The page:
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Chapter 3: Sec:2 The Amendment Process

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  1. Chapter 3: Sec:2The Amendment Process

  2. Essential Question • Big Question • What is government and what is its purpose?

  3. Objectives Identify the 4 ways by which the Constitution may be changed. Explain how the amendment process highlights federalism and popular sovereignty. Outline the 27 amendments that have been added to the Constitution.

  4. The Amendment Process • Article V of the Constitution describes the amendment process. • Amendments may be proposed: • By a two-thirds vote of each house of Congress. (Done for 26 of 27 amendments.) • By a national convention called by Congress at the request of two-thirds of the state legislatures. (Done for the 21st amendment.)

  5. Option 3 66% (34) Option 4 Option 2 75% (38) Option 1

  6. Federalism How does the amendment process reflect federalism? • Amendments are proposed at the federal level and ratified at the state level by legislatures or conventions. • A state can reject an amendment and later decide to ratify it. (The President cannot veto proposed amendments.)

  7. Popular Sovereignty The amendment process is based on popular sovereignty. The people elect the representatives who vote to propose or ratify amendments. The states can hold conventions who represent the people State legislatures elected by the people need to ratify the proposed amendment.

  8. Proposed Amendments • Most suggested amendments are never proposed by Congress. Congress has sent only 33 of some 15,000 suggested amendments to the states. • Six proposed amendments were not ratified by the states. • Congress can set a “reasonable” time limit for ratification, usually around seven years.

  9. The 27 Amendments • Many of the 27 current amendments were proposed in response to legal disputes, social conflicts, or perceived constitutional problems. • The 12th Amendment resolved a problem with the presidential election process. • The 13th Amendment abolished slavery.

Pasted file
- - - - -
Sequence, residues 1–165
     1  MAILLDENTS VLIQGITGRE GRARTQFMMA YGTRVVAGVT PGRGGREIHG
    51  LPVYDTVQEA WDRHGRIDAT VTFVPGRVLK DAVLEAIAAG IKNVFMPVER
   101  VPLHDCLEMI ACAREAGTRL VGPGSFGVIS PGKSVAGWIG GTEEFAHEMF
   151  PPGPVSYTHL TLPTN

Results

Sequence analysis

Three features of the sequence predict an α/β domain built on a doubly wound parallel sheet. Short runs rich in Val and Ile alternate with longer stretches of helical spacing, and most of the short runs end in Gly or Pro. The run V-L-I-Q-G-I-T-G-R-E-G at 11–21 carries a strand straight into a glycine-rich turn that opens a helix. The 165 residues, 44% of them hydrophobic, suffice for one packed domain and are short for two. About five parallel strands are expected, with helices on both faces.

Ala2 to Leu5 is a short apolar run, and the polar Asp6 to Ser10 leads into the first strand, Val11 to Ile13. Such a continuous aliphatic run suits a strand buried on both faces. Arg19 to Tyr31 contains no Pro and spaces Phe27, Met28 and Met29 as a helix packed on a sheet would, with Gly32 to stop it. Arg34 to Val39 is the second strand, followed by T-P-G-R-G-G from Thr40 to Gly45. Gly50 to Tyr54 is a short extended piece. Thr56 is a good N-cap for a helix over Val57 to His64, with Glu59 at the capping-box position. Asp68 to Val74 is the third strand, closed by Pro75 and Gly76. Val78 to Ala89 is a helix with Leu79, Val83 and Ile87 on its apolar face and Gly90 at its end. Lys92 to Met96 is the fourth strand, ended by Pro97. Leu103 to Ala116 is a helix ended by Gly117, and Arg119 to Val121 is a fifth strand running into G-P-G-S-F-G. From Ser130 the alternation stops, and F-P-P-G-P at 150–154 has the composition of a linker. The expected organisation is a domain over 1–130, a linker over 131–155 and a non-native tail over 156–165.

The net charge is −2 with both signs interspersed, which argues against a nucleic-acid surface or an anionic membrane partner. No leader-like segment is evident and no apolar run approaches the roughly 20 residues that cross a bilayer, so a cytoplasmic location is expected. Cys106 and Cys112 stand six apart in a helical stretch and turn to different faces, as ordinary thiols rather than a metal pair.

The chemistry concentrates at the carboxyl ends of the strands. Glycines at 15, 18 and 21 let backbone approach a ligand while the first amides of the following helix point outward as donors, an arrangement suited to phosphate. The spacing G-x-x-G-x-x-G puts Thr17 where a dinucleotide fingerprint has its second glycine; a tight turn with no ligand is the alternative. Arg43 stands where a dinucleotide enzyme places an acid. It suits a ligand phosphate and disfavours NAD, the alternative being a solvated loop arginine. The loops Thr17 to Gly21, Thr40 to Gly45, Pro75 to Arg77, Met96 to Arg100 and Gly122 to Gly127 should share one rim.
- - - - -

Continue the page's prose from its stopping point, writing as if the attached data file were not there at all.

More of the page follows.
10. The 27 Amendments, cont. • The 15th, 19th, and 26th Amendments each extended voting rights to a new segment of society: • African Americans • Women • 18-year olds Inez Milholland

  11. The 27 Amendments, cont. • 1791 - Amendments 1-10 • Bill of Rights • 1795 - Amendment 11 • States immune from certain lawsuits • 1804 - Amendment 12 • Changes in electoral college procedures • 1865 - Amendment 13 • Abolition of Slavery • 1868 - Amendment 14 • Citizenship, equal protection, and due process • 1870 - Amendment 15 • No denial of vote because of race, color or previous enslavement

  12. The 27 Amendments, cont. • 1913 - Amendment 16 • Congress given the power to tax incomes • 1913 - Amendment 17 • Popular election of U.S. • Senators • 1919 - Amendment 18 • Prohibition of alcohol • 1920 - Amendment 19 • Women’s suffrage • 1933 - Amendment 20 • Change of dates for presidential and congressional terms • 1933 - Amendment 21 • Repeal of prohibition (Amendment 18)

  13. The 27 Amendments, cont. • 1951 - Amendment 22 • Limit on presidential terms • 1961 - Amendment 23 • District of Columbia allowed to vote in presidential elections • 1964 - Amendment 24 • Ban of tax payment as voter qualification • 1967 - Amendment 25 • Presidential succession, vice presidential vacancy, and presidential disability • 1971 - Amendment 26 • Voting age changed to 18 • 1992 - Amendment 27 • Congressional pay

  14. Review • How has the Constitution lasted through changing times?

  15. Essential Question • Big Question • What is government and what is its purpose? • Essential Question. • How has the Constitution lasted through changing times?